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Greeks Vote “No” to Austerity… and to the Global Neoliberal Agenda

Known as the cradle of western democracy, Greece, today more than ever, gave the world a glimpse of what real democracy looks like, delivering a blow to the global neoliberal agenda with a whooping 61 percent of voters saying ‘No’ to harsh austerity measures demanded by EU and IMF lenders in exchange for more bailout loans.

The EU and IMF creditors, who did not receive a payment of some €1.6 billion due on June 30, had demanded that Greece further tighten the grip on several social lifelines by cutting pensions, healthcare services, education, and by increasing taxes on the poor. Much to his credit, Greek Prime Minister Alexis Tsipras left the decision up to Greek voters, instead of capitulating to the draconian demands. His bold move was highly discouraged by top banking officials and European leaders, who warned that the referendum would herald the exit of Greece from the Eurozone, and prevent the Mediterranean nation from gaining more credits needed to save its collapsed economy.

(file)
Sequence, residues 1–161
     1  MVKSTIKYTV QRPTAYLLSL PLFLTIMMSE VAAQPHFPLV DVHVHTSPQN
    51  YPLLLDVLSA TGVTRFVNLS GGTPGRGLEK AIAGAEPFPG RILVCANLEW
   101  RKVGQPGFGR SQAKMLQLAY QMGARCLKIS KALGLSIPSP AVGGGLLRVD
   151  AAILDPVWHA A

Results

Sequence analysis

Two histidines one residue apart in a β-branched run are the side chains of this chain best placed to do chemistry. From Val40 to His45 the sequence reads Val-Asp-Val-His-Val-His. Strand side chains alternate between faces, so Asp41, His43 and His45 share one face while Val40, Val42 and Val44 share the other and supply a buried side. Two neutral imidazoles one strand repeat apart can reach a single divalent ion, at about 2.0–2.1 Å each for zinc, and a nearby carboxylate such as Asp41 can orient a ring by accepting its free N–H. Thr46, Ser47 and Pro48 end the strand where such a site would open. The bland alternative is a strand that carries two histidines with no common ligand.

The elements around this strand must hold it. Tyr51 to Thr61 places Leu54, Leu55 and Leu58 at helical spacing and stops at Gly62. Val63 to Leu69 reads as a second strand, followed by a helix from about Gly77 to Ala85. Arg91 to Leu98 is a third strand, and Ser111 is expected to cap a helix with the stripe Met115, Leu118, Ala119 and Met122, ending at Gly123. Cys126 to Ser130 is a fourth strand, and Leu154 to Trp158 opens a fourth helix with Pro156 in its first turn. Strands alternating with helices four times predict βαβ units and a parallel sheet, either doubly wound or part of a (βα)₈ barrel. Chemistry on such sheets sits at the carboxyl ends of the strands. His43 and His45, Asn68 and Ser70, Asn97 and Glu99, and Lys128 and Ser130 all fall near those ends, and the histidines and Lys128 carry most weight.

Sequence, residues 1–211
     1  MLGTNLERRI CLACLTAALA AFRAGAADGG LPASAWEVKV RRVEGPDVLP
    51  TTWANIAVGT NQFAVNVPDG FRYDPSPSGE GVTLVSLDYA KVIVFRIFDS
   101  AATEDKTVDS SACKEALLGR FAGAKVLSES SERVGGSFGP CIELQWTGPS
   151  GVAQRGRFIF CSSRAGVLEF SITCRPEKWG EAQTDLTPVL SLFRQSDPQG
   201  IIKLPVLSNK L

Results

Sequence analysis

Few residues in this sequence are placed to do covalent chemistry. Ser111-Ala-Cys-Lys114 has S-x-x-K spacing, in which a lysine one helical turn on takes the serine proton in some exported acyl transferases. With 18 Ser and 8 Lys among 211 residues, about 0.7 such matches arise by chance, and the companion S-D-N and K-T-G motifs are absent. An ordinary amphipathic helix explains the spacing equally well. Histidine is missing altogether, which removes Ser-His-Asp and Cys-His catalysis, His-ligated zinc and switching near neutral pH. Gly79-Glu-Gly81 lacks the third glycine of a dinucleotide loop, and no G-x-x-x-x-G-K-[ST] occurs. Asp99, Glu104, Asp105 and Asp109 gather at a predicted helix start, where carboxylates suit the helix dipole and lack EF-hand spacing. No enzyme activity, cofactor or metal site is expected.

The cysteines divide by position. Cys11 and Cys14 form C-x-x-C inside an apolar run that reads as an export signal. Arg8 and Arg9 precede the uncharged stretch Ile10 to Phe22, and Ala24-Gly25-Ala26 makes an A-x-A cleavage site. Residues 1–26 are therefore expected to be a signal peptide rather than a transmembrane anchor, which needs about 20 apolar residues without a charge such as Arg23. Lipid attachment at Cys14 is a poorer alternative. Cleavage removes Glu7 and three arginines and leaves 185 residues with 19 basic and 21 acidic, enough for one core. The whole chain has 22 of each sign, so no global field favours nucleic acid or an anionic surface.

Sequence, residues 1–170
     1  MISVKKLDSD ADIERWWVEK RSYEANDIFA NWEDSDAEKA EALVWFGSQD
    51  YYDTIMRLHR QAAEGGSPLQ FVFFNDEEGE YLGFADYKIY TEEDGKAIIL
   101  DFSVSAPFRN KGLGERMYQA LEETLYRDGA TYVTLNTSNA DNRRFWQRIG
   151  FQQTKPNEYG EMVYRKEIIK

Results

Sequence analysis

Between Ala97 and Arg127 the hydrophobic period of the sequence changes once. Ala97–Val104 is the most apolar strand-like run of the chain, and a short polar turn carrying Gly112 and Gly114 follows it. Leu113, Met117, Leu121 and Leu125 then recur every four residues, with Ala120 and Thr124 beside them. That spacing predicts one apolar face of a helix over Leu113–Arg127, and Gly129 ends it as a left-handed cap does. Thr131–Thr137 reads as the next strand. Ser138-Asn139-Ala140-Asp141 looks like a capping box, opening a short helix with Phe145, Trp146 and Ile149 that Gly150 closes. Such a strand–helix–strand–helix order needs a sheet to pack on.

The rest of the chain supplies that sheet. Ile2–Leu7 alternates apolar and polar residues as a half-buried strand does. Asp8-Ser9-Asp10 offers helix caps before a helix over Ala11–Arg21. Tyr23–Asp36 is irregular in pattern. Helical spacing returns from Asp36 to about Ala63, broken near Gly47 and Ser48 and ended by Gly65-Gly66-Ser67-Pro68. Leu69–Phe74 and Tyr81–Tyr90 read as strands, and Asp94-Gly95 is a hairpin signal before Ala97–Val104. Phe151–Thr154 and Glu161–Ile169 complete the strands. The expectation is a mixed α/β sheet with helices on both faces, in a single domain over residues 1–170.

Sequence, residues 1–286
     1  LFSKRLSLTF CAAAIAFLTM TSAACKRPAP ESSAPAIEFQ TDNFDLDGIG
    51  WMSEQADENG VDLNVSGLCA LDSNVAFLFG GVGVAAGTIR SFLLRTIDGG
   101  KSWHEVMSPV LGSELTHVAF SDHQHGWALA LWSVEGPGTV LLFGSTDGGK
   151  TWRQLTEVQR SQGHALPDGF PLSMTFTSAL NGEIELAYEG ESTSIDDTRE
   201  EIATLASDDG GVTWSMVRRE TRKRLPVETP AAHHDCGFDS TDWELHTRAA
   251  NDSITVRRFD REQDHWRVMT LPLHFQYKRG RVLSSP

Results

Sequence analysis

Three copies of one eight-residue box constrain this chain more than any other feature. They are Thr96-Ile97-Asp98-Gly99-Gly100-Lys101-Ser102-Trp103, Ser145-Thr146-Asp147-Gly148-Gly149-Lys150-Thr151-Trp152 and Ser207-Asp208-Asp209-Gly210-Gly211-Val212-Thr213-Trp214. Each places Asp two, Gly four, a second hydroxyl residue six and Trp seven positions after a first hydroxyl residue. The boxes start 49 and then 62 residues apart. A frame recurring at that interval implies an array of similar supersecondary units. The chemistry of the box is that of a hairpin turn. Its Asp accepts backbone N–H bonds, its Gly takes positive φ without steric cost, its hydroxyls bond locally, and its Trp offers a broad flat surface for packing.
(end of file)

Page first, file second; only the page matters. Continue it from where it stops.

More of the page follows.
While today’s referendum on austerity bailout measures was hugely significant to the Greek people, its significance to the world was even bigger, as it provided a model to follow by countless nations whose struggling economies have fallen pray to similar “bailout” packages and harsh economic conditions.

The dramatic events unfolding in Greece represent an indictment not on the Greek government’s ability to pay its creditors, as the banks would have us believe, but on the global neoliberal agenda, which will always seek to impose irrational economic demands to further advance its savage brand of capitalism. Such agenda would have people the world over believe that in order to survive, nations must sacrifice their peoples’ safety nets – pensions, education, healthcare, salaries, labor protections, and other life-sustaining programs and services – to create friendly business environments that welcome investment and create prosperity. But today, 61 percent of Greek voters told EU and IMF creditors, and the entire world, that there is another way.

While it is hard to predict precisely what the immediate future holds for Greece, it is safe to assume the audacity of practicing real democracy will be harshly punished. Fear not! The neoliberal agenda, with its banks, wealthy governments, and its vast militaries, is very strong. But the world, today more than ever, stands with the Greek nation, which has given birth to the almighty creature of real democracy, in a way it never had before.